Reframing incentives for climate policy action
Jean-Francois Mercure (),
P. B. Holden,
N. R. Edwards and
J. E. Vinuales
Additional contact information
P. Salas: University of Cambridge
P. Vercoulen: University of Exeter
A. Lam: University of Cambridge
P. B. Holden: The Open University
N. Vakilifard: The Open University
U. Chewpreecha: Cambridge Econometrics
N. R. Edwards: University of Cambridge
J. E. Vinuales: University of Cambridge
Nature Energy, 2021, vol. 6, issue 12, 1133-1143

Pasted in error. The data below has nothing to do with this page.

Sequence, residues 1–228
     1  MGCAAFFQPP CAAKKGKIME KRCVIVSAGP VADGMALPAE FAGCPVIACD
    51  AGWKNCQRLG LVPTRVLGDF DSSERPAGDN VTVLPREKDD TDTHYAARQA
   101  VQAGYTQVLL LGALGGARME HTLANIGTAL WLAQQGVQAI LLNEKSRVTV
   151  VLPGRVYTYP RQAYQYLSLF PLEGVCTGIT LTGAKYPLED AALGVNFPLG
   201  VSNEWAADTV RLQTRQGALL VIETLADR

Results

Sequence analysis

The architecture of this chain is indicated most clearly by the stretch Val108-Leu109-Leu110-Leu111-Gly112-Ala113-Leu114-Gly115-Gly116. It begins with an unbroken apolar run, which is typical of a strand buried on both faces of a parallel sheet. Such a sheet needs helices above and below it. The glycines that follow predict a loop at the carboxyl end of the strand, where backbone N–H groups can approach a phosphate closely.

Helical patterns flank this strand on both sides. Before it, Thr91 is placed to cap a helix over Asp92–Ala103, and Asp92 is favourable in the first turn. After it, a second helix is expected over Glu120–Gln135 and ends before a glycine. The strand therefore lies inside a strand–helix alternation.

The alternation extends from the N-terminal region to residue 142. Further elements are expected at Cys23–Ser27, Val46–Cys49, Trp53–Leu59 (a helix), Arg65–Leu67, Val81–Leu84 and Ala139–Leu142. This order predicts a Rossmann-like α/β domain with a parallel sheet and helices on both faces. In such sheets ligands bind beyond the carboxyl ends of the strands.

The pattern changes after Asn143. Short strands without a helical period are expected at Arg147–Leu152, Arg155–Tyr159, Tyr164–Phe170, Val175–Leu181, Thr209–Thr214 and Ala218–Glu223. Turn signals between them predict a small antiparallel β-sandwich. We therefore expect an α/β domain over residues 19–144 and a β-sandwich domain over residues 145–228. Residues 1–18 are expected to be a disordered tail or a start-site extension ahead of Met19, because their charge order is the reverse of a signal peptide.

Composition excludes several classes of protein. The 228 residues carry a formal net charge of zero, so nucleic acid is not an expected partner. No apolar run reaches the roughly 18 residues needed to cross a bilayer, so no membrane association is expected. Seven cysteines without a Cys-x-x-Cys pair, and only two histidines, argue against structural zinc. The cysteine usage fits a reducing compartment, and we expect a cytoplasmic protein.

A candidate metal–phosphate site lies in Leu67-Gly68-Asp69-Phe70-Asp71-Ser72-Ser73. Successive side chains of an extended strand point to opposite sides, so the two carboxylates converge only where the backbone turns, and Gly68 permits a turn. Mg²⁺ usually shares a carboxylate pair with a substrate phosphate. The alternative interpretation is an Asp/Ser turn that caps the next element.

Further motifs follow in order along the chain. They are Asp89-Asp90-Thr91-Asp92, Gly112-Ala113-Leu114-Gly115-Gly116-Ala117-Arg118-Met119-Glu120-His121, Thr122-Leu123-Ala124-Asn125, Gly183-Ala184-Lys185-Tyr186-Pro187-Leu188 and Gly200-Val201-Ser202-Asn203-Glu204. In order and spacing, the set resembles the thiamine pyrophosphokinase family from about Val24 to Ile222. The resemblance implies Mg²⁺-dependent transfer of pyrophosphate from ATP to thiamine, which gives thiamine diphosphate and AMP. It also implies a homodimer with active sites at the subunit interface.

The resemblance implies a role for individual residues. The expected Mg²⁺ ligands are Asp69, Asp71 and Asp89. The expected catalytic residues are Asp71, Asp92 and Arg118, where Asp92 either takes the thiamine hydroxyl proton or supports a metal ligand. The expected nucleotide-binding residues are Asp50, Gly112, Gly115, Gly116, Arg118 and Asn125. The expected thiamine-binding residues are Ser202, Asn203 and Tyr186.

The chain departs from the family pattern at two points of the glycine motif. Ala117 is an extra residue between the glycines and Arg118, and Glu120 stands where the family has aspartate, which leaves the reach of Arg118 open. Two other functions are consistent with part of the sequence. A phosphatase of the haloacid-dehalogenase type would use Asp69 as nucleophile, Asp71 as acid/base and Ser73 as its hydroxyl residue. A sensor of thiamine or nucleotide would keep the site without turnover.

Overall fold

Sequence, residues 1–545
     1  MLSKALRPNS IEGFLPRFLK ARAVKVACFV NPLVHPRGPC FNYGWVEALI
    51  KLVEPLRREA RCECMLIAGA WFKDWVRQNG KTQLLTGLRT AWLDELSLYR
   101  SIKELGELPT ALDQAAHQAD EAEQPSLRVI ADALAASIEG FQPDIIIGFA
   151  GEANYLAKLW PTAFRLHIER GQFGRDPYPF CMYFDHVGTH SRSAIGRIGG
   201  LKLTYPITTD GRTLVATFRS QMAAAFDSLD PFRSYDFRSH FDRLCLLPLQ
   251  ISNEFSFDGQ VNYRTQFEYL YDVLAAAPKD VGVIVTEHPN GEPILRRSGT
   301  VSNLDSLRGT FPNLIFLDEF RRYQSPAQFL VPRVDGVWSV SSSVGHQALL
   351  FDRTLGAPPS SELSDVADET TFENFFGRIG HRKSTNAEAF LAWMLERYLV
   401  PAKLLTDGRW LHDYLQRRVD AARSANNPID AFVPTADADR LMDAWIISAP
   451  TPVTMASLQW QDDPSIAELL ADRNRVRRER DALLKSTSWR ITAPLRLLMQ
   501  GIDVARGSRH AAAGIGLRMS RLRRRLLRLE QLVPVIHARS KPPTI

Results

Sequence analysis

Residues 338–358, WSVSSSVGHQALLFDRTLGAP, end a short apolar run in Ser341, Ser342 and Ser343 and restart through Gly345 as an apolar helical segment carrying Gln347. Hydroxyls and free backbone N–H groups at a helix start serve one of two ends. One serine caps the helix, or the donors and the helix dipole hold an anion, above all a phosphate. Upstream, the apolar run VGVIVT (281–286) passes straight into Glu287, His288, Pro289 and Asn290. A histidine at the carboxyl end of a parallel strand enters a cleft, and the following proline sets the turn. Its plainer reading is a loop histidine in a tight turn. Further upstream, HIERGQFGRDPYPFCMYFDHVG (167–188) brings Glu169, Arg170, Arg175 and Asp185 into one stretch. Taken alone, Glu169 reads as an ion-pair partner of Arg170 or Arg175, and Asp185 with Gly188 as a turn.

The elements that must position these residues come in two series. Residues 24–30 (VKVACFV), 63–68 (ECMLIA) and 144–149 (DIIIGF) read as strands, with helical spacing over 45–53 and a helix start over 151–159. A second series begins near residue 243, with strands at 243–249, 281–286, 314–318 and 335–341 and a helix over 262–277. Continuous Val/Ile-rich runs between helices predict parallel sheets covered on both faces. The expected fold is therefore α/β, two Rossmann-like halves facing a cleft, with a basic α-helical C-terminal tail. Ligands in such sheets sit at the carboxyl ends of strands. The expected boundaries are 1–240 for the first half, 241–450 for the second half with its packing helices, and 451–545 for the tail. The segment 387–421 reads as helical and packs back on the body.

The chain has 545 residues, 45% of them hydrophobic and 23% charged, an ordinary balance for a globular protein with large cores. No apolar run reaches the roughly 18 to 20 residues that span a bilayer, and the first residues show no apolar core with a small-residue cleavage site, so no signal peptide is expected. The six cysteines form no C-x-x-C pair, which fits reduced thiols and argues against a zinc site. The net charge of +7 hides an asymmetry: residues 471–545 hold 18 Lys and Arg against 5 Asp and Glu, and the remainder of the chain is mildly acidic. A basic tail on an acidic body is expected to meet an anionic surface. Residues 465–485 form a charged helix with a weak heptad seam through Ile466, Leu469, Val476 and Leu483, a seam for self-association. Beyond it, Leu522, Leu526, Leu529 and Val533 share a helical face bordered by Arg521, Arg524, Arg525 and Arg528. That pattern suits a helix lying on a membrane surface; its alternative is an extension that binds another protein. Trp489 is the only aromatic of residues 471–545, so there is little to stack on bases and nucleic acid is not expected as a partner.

Abstract A key aim of climate policy is to progressively substitute renewables and energy efficiency for fossil fuel use. The associated rapid depreciation and replacement of fossil-fuel-related physical and natural capital entail a profound reorganization of industry value chains, international trade and geopolitics. Here we present evidence confirming that the transformation of energy systems is well under way, and we explore the economic and strategic implications of the emerging energy geography. We show specifically that, given the economic implications of the ongoing energy transformation, the framing of climate policy as economically detrimental to those pursuing it is a poor description of strategic incentives. Instead, a new climate policy incentives configuration emerges in which fossil fuel importers are better off decarbonizing, competitive fossil fuel exporters are better off flooding markets and uncompetitive fossil fuel producers—rather than benefitting from ‘free-riding’—suffer from their exposure to stranded assets and lack of investment in decarbonization technologies.
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